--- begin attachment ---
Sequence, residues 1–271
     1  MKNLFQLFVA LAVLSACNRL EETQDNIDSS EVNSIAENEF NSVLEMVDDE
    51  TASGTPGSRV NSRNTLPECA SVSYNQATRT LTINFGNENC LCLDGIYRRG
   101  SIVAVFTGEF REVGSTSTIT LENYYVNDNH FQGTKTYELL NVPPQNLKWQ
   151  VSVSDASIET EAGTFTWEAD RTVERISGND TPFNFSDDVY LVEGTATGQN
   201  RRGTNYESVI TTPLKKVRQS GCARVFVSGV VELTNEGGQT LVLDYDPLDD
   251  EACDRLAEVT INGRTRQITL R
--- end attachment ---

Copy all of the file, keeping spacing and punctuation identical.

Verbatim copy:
Sequence, residues 1–271
     1  MKNLFQLFVA LAVLSACNRL EETQDNIDSS EVNSIAENEF NSVLEMVDDE
    51  TASGTPGSRV NSRNTLPECA SVSYNQATRT LTINFGNENC LCLDGIYRRG
   101  SIVAVFTGEF REVGSTSTIT LENYYVNDNH FQGTKTYELL NVPPQNLKWQ
   151  VSVSDASIET EAGTFTWEAD RTVERISGND TPFNFSDDVY LVEGTATGQN
   201  RRGTNYESVI TTPLKKVRQS GCARVFVSGV VELTNEGGQT LVLDYDPLDD
   251  EACDRLAEVT INGRTRQITL R